Computer games often receive a bad press in terms of their perceived negative impact, but their soundtracks subtly introduce children to a tremendous breadth of musical cultures and genres, from classical favourites to cutting-edge contemporary music. We talked to two top game music composers – Jessica Curry and Stephen Baysted – about the benefits of game soundtracks and the compositional techniques involved in writing for this medium. Jennie Henley then takes some of the principles of game music and translates them into fantastic activities that you can try with your students!
For Jessica Curry, director and composer at acclaimed studio The Chinese Room, computer games can prompt children to discover music they might not otherwise encounter: “children and young people love games, so it's a terrific opportunity to introduce them to music… and there’s such a wonderful breadth of styles and orchestration within the medium.” This host of music ranges from the nineteenth-century Russian folksong Korobeiniki heard in ‘Tetris’ to the elegant string quartets of Hideki Sakamoto, which accompany puzzle-game ‘Echochrome’.
Jessica also emphasises the vibrant connection between soundtrack and player experience: “the licensed songs in the FIFA games do a great job of supporting the buzz and excitement of the match… [They’re] a huge hit with my 11-year-old!”.
On this theme, award-winning composer Stephen Baysted notes the challenges of composing for games, spotlighting the lessons budding young composers can glean from listening carefully to soundtracks: “one of the roles of music in games is to create an atmosphere which helps the audience follow the narrative, as well as heightening the emotion of a scene – or perhaps even undermining what’s happening on screen, so a character might seem fine and dandy but the music hints that someone’s about to creep up behind them… it’s about finding a way to push the right buttons at the right time.” Stephen also highlights the imaginative use of ‘soundscapes’ in computer games: “sound effects are often used to underpin or replace the ‘musical’ elements of a score. I find it intriguing how sounds from ‘captured sources’ can be used to create musical effects.”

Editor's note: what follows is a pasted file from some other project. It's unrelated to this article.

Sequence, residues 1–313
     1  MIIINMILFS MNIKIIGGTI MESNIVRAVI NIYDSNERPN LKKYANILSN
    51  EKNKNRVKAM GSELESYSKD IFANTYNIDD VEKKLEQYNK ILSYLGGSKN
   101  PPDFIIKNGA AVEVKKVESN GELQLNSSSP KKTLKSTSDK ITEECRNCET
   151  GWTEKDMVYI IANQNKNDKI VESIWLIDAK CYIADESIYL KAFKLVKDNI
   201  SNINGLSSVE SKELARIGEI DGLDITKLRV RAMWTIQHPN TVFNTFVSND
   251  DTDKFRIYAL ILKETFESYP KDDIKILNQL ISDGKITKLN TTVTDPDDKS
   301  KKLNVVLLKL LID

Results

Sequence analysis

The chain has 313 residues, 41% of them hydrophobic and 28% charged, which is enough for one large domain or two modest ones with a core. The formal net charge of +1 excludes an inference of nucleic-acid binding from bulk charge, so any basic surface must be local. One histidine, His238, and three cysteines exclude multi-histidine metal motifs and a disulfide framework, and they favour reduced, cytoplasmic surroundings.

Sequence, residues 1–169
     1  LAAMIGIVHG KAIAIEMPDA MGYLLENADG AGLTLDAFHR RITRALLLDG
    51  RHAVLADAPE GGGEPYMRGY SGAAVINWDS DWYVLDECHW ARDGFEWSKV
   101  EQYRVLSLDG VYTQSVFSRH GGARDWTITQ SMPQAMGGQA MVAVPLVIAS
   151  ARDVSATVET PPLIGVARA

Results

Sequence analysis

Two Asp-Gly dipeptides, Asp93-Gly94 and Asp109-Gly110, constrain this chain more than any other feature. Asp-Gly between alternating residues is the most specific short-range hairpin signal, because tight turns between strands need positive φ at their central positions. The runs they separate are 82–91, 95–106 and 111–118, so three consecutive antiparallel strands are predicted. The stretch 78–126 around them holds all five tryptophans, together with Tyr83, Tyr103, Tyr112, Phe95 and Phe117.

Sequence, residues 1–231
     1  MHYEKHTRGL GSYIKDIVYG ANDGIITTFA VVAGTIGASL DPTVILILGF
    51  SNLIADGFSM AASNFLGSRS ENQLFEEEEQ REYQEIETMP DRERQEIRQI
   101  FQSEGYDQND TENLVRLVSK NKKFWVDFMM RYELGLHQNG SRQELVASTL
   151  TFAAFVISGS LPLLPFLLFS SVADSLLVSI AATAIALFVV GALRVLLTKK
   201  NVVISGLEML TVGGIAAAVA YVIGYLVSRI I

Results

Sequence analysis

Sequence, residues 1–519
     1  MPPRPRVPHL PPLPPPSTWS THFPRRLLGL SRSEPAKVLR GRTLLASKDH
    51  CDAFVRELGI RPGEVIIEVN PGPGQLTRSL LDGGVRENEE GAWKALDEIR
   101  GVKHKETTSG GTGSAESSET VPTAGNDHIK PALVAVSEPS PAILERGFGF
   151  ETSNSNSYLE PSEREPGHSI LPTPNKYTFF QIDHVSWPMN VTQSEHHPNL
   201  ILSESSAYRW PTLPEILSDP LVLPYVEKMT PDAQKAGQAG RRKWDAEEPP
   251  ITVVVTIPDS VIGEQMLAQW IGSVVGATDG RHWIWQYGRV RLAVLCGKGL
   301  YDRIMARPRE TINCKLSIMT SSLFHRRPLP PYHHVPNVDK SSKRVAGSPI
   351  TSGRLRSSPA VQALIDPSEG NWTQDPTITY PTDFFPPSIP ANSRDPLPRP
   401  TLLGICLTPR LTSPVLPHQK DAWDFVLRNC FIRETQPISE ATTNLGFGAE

A number of computer games now seek to support children’s musical engagement more directly, including composition tool Isle of Tune and interactive music-making game Joy Tunes. Jessica also lists an app called AutoRap: “[it] changes your speech into rap. It's so clever – and great fun!”.
Computer games can thus be far more than just entertainment; let’s celebrate the imaginative possibilities of gaming and use this popular activity as a vehicle for learning and creativity. Below are some great ideas to get you started!
Find the artefact
This activity explores musical changes that signal proximity to an object, developing understanding of how music is used as signals and signposts in games, and honing children’s ability to change dynamics, tempo and pitch together.
- Take any song that your children know well.
- Arrange the children into groups and ask them to choose a musical change – dynamics, tempo or pitch – and practise the song with the musical change. If this proves challenging, suggest someone leads, using eye contact or gestures. Advanced groups might even try different songs.
- Each group chooses a ‘player’. Then they choose an object in the room (eg. the smart board, the sink, etc.), but don’t tell the player!
- The game: the player moves around the room. When the player gets closer to the chosen object, the rest of the group increases the tempo or dynamics, or raises the pitch. As the player gets further away, they do the reverse. The player must then guess what the chosen object is.
- Discuss with the children what effect the different musical changes had, how easy it was to find the object, and how all this relates to game music.
- This could easily be done with instruments or with recorded music, exploring software that alters pitch and tempo (such as Amazing Slowdowner or Speed Shifter).
This activity explores narrative using captured sources. Children develop an understanding of how everyday sounds can be used to create an atmosphere, and develop their composing skills in layering and manipulating sampled sounds.
- Go on a ‘sound walk’, recording the sounds in the school environment on a digital recorder or iPad.
- As a class, listen to the recorded sounds and discuss what stories they might tell.
- Individually or in groups, import the sound clips into programmes such as Audacity, Soundation or GarageBand and arrange them to fit your stories.
- Experiment with altering the sound clips or adding different samples (such as menacing strings, or thunderous timpani).
- Share each group’s/child’s work and discuss the narratives behind the music.
- This could be taken further with creating storyboards, animations, role-plays or dance.